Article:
Milkweed bugs are insects that feed on the milkweed plants and are found only where milkweed plants grow, hence, the name 'milkweed bugs'. With oblong, orange-red and black bodies, these bugs are found sucking nutrients from the seeds of the milkweed plants. However, this doesn't mean these bugs eat only milkweeds. They often consume the nectar of a variety of flowers. Milkweed bugs, unlike beetles, moths, flies, and butterflies, belong to the true bugs category of insects. This means that milkweed bugs do not possess mouths for biting and chewing food, but feature a tube-like mouth part (proboscis) for sucking fluids. There are two types of milkweed bugs, large milkweed bug (Oncopeltus fasciatus, 10-16 millimeters) and small milkweed bug (Lygaeus kalmii, 10-13 millimeters). Both belong to the true bug category and both feed on seeds of the milkweed plants.
Life Cycle of a Milkweed Bug
Milkweed bugs undergo a simple metamorphosis process, involving an egg, nymph and adult stage. Milkweed bugs undergo incomplete metamorphosis, which means the nymph resembles the adult in appearance, only smaller. Let us have a look at the different stages in the life cycle of a milkweed bug.
Mating takes place towards the end of the summer months. Males attract the females with a sound they make by rubbing their wings on their abdomen. The adults mate end-to-end and can remain attached for half-an-hour or more. About 20 eggs are laid by the female every day, in clusters called 'clutches'. The female lays her eggs in a ball of milkweed seed fluff or under the milkweed leaves for protection. The eggs remain attached to the leaves with the help of some curved points at their tips. The female bug can lay about 2000 eggs in her lifespan of about one month.
Nymph Stage (5 instars)
The pale orange eggs hatch after a week, when the temperature is warm and favorable. As soon as the eggs hatch, the milkweed bugs are in the nymph stage and appear more like miniature versions of the adult bug, except with incomplete wings. The tiny tots appear like specks of red dust, however, do not be fooled by their size. Their tiny microscopic bodies possess six microscopic legs, 3 tiny body parts and 2 antennae. However, at this stage some adult parts are lacking. They also lack the black spots that adults have. Half of the bugs hatching out will be males, while the other half will be females.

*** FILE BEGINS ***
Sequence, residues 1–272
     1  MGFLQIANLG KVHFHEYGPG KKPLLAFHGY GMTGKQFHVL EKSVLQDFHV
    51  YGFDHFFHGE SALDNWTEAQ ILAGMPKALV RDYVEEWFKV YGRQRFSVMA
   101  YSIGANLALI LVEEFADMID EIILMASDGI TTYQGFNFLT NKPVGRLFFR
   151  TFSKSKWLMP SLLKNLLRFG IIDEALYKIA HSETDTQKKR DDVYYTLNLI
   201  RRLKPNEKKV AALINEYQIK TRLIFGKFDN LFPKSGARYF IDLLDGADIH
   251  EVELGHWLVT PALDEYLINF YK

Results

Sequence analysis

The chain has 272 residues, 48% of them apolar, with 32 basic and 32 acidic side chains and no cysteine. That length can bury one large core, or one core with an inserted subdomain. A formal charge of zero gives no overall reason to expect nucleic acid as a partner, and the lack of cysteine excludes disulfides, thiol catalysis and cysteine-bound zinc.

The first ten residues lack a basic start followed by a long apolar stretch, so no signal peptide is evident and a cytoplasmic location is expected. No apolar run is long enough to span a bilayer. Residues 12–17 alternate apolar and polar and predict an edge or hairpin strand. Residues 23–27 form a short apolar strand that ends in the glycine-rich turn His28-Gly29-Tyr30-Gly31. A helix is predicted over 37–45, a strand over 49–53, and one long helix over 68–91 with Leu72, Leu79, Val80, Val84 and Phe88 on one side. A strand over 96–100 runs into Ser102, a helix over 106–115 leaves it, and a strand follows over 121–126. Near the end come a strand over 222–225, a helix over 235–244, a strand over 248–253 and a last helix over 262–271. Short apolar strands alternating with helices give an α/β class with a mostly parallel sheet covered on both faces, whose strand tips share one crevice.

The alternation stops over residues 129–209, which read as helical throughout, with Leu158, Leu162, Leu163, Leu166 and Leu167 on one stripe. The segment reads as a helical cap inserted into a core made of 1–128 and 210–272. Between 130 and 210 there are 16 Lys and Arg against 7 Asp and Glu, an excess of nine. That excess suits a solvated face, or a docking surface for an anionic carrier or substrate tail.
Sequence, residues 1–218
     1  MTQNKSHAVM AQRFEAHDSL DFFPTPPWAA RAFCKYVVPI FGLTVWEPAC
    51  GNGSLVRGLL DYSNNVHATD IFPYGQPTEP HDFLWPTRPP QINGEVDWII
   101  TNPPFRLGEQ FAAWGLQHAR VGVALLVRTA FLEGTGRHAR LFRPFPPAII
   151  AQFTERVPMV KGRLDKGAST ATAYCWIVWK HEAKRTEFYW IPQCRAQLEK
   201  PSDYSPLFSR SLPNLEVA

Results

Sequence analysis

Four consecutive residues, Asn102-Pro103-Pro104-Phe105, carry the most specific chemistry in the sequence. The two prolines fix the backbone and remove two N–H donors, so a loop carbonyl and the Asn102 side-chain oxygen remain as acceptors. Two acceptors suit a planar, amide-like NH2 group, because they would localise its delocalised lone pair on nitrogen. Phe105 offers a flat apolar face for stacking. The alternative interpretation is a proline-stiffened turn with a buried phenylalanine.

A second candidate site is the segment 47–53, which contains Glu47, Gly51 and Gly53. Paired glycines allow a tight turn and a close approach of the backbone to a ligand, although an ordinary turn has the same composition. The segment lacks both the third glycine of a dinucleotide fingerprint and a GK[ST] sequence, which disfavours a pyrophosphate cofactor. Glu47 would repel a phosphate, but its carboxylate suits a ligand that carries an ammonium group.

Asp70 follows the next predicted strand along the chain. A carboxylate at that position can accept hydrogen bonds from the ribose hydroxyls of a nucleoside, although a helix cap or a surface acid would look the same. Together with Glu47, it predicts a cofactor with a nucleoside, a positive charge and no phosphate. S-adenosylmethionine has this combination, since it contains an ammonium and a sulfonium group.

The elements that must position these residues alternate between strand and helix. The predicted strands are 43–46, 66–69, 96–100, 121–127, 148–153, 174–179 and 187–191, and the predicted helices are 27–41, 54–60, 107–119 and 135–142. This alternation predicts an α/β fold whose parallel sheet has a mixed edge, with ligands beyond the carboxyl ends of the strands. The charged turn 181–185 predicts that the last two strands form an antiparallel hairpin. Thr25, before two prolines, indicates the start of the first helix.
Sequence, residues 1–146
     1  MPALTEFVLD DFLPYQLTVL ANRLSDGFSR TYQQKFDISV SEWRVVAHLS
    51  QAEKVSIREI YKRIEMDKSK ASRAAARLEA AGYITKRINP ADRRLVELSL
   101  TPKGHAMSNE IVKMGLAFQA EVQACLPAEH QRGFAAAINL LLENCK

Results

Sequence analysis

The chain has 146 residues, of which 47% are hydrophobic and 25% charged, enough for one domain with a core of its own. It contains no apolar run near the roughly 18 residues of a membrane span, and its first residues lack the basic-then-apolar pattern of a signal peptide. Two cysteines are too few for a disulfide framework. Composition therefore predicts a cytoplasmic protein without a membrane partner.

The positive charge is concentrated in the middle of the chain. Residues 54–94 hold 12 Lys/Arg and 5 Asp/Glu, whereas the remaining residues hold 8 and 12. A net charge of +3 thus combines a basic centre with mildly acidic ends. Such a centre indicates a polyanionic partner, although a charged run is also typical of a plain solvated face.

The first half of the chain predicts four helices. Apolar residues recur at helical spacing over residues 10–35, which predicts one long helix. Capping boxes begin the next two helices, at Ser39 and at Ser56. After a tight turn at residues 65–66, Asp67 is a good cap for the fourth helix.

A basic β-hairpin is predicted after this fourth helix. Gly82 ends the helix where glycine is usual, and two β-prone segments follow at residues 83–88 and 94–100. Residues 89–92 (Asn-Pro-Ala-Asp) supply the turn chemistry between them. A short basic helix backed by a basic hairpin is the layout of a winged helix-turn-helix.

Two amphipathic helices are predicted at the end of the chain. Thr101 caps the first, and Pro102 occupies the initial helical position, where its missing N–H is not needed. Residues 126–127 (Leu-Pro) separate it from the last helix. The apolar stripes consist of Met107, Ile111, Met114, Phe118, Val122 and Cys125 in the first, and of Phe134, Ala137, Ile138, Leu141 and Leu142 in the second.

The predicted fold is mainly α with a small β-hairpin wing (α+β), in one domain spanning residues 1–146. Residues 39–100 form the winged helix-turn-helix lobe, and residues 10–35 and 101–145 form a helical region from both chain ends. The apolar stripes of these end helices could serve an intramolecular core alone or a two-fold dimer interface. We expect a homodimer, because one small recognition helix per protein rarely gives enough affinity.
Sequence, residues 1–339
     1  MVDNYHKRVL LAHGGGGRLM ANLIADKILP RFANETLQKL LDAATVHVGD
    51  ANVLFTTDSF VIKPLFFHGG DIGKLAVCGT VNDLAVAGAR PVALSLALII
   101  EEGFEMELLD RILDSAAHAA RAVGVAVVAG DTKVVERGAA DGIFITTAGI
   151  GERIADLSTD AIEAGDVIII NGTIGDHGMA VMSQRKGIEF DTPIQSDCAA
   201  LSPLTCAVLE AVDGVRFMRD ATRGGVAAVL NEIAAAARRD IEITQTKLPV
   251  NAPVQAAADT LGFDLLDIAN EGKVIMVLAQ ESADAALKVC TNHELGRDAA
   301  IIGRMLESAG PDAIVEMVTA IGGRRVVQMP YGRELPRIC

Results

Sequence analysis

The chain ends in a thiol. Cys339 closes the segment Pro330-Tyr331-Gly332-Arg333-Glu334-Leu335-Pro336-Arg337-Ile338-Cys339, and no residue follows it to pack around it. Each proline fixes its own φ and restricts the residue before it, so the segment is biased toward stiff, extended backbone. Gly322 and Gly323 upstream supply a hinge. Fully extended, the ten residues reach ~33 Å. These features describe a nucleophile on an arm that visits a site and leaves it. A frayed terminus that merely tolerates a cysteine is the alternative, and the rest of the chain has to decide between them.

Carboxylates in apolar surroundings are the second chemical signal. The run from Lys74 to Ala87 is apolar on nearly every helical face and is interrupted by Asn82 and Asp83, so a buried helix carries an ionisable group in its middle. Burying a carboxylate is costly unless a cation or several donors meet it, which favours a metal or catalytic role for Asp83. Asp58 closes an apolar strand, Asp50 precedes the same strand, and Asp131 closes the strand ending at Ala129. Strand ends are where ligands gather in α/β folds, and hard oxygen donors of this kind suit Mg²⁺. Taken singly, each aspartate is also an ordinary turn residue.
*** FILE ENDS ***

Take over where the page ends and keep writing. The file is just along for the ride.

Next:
Nymphs feed voraciously during this stage. Their mouth parts enable them to suck the sap out of the milkweed seeds, flowers and leaves. All this eating results in growth and expansion of the body. However, the tough exoskeleton protecting the body is not flexible and does not allow the nymph to grow further. Thus, the exoskeleton bursts open and the milkweed nymph slides out. A new exoskeleton is developed, which is moist and flexible, enabling the nymph to grow twice its size in just minutes. The new exoskeleton hardens in a few hours and the larger nymph goes about feeding itself and growing.
After a week since the nymphs have hatched, their crispy little transparent exoskeletons are again shed. This process of shedding the exoskeleton in order to grow is called molting. Post-molt, the bug appears creamy-yellow in color, with bright red antennae and legs. Few hours later, its body turns dark orange in color and the legs and antennae turn black. This process of molting is carried out five times by the milkweed nymph until it becomes a fully mature adult.
Each of these nymphal stages are known as instars. The first instar corresponds to a newly hatched milkweed baby bug, while the fifth instar corresponds to the stage just before adulthood. With each instar stage, the body shape gets transformed. Formation of dark body markings and wings are seen.
This gradual maturing of the insect is termed incomplete metamorphosis, wherein the bug gets larger and larger until the last molt reveals the adult bug. The entire process of metamorphosis, right from egg to adult takes 4-8 weeks, depending on the temperature of the habitat.
The adult bugs have the tips of their abdomen as black, with a bright orange segment before the tip and tiny black dots on the edges. If the segments following the orange segment has black bands, it is a male. Males are smaller in size as compared to the females and have two black bands on their underside, while females have one black band and two black spots on their underside. Adults have two soft inner wings, which are used to fly. The outer wings present protect the inner wings.
After a week of entering the adulthood stage, these bugs begin to mate. During mating, the female and male bug will remain attached end-to-end for a long time. The female begins to lay yellow eggs in clusters of 20, a few days after mating. The adult milkweed bugs may live another 2 months after mating and laying eggs, in a sort of retirement period.
Milkweed bugs stop reproducing in the fall, as the weather gets cold and milkweed plants die. Adult milkweed bugs who have not reproduced enter a stage of hibernation during such weather and use the natural antifreeze in the body to survive the cold months. However, a large number of bugs do not make it through the rough winter months.
Milkweed bugs are not considered pests, except for those who wish to cultivate milkweed plants. However, they can pose potential danger to pets, because ingesting them can make pets ill. The sap they suck from the milkweed plant is toxic and can cause harm to its predators. So take care of your pets!